On Sat., Oct. 12, The Government Center, a record shop on East Ohio Street in Pittsburgh's North Side, celebrates Cassette Store Day, along with tape-focused indie label Crafted Sounds.
"I'm impressed with Josh [Cozby, owner of The Government Center]," says Connor Murray, who runs Crafted Sounds. "There's so many record stores that won't even hold [cassettes] and he has new ones and old ones."
Cassette Store Day (CSD) was started in 2013 by a little label called Burger Records. Like the popular Record Store Day (RSD), CSD features exclusive releases, but without the intensity.
"It's not heavy on official limited stuff," explains Cozby. "There is some of that stuff, but it's more fun and low-key then RSD. Then, you have a whole line where people try to get their hands on stuff so they can go flip it on eBay."
But that can't really be done with cassettes. Tapes degrade in weird and unpredictable ways for a number of reasons, from the inside plastic stretching to electromagnetic interference. Vinyl lasts, however, and with older records going up in value and becoming more collectible, people have started purchasing them in hopes of turning them into antiques.
"That makes [records] less fun because peoples are collecting them not for the music," says Cozby. "With cassettes, it's kind of the opposite of that. They're not collectibles, so you don’t really have to take good care of them. ... You can still find them for 10 cents at a thrift store."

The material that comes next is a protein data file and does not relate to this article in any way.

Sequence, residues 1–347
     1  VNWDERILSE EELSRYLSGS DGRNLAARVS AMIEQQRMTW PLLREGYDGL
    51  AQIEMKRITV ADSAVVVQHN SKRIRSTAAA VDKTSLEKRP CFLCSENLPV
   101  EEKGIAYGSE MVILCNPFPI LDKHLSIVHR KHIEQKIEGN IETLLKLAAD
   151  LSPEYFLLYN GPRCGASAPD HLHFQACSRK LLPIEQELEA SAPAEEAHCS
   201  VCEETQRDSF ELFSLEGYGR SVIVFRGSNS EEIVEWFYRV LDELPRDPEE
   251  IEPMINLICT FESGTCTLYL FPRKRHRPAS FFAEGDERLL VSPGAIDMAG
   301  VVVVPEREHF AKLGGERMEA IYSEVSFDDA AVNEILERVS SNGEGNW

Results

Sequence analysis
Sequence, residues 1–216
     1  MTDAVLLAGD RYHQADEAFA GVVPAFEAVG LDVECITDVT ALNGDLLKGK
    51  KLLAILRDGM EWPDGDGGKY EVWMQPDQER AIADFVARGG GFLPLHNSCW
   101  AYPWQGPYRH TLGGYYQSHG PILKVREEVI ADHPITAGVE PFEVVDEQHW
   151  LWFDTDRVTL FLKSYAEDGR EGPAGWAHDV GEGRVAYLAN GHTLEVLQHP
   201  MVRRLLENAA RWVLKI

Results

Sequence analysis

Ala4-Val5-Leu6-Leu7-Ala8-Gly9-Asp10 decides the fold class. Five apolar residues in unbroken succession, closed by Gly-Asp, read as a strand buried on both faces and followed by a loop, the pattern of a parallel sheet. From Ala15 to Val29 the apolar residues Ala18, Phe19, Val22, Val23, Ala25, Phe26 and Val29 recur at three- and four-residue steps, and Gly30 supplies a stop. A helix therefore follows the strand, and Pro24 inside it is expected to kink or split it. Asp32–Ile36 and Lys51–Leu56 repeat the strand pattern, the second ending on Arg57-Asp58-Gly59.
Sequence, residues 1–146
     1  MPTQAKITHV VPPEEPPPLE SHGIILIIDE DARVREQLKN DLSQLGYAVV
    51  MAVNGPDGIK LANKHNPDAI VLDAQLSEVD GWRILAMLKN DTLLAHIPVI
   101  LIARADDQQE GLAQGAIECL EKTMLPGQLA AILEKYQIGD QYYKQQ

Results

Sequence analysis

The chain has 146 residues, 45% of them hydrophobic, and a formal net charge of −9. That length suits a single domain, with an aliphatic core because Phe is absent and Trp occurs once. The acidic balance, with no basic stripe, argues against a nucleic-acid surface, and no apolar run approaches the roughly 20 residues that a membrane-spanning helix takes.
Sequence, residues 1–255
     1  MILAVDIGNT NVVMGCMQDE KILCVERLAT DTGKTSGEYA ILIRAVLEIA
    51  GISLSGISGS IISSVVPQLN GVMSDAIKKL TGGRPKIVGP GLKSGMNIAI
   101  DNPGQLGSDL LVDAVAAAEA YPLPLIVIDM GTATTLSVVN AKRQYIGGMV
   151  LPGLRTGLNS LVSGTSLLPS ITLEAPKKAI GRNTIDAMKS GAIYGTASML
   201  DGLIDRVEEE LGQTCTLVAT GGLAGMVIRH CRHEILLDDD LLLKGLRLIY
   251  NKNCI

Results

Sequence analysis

"The versions are very different, obviously it's a woman singing them instead of little boys," says Cozby. "It adds this interesting weight to some songs that might not seem weighty otherwise."
Although The Government Center is celebrating CSD, the store is not an 'official' CSD location (meaning Cozby didn't register), but he didn't think that mattered. He says he and event organizer Derek January just wanted to recognize the older media format. That's why January reached out to Crafted Sounds.
"We love their label and their roster so we are stoked to have such a strong supporter of cassette culture," says January.
Murray will have The Zells new album, No More Heroes, available for purchase on tape.
"I feel like the tape community is very tight-knit, on a very niche level," says Murray, "and I have no idea who in Pittsburgh actually listens to tapes even though I do what I do."
See the performance times at the BYOB event here.